If you are ever forwarded a copy of one of these hoax warnings, simply reply back to the person who sent you the warning that it IS a hoax and suggest they check out this page. The URL is:

    http://www.montney.com/virus.htm

    Remember, don't be angry with the person who forwarded the message to you, they were most likely forwarded the same message by someone else. The more people we can educate about such hoaxes, the better! NEVER forward these hoaxes - it will only continue the problem and waste our precious bandwidth!


    Some Important Clarification

    I've received quite a bit of e-mail from people who say "Yes, you can receive a virus from e-mail." YES, you can. As explained on this page, that is one of the many ways to receive a file. The entire point, however, is you can NOT infect your machine simply by *READING* an e-mail. You (or your computer) must download an infected attachment and run it. The page is quite clear about this.

    Additional sites to use for SPAM

    Coalition Against Unsolicited Commercial Email (CAUCE)
    Choose Your Mail
    SPAM Recycle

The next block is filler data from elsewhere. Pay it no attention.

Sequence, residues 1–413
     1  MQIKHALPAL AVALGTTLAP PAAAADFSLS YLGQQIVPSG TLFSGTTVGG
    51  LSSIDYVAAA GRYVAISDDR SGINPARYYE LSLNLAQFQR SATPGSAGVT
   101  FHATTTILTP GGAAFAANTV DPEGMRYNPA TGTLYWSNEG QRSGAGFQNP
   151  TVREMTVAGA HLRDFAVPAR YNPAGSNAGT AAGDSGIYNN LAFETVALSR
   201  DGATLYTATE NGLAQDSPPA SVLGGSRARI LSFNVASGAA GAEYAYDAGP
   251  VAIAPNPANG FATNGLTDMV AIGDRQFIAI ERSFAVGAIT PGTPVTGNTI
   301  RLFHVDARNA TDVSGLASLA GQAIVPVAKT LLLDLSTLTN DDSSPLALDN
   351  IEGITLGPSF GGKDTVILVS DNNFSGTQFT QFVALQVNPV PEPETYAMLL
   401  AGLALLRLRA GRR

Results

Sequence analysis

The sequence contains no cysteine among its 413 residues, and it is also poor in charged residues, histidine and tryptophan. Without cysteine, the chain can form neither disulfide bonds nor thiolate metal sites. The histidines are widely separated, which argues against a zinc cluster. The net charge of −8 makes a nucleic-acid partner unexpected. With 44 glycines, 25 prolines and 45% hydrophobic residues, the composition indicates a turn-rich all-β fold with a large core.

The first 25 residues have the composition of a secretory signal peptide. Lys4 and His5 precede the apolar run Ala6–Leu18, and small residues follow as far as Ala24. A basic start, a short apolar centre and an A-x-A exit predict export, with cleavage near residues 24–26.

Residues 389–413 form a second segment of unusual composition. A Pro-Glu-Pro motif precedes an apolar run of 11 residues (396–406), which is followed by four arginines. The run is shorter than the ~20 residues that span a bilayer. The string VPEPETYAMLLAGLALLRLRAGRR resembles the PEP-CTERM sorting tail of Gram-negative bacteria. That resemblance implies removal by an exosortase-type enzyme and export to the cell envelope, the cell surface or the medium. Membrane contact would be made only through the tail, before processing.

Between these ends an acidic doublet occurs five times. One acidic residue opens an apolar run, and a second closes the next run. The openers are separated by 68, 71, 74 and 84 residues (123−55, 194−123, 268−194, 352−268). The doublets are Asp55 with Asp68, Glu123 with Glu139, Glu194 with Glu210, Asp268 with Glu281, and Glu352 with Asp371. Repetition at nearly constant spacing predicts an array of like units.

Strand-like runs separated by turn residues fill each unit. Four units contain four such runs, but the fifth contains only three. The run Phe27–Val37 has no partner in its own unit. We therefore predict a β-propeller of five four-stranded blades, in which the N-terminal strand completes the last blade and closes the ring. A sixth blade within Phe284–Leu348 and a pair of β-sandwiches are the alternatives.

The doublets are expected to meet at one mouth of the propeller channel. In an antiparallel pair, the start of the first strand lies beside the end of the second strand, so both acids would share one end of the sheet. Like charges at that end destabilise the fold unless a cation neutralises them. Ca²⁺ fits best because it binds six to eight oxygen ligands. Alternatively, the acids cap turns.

Break The Chain

    Additional sites to use for URBAN LEGENDS

    About.com
    Urban Legends Reference Pages
    Urban Legends Research Centre
    Truth Or Fiction
    Identifying Hoaxes and Urban Legends

    Additional sites to use for HOAXES

    McAfee
    Vmyths
    Symantec
    Virus Encyclopedia
    Datafellows
    Hoax Busters
    Hoax Slayer
    Trend Micro
    Identifying Hoaxes and Urban Legends

    Additional sites to use for VIRUSES

    Microsoft Windows Security Center Antivirus Partners
    Internet Security Systems
    CSRC
    SOPHOS Anti-Virus
    Network Associates
    Symantec
    Virus Encyclopedia
    F-Secure
    Norman
    Trend Micro
    Central Command
    Command Software Systems
    CAI's Virus Encyclopedia
    Real Time Virus Reporting Center

    Additional sites to use for SCAMS

    Specifics regarding the Nigerian Scam
    Crimes Of Persuasion
    Scam-o-Rama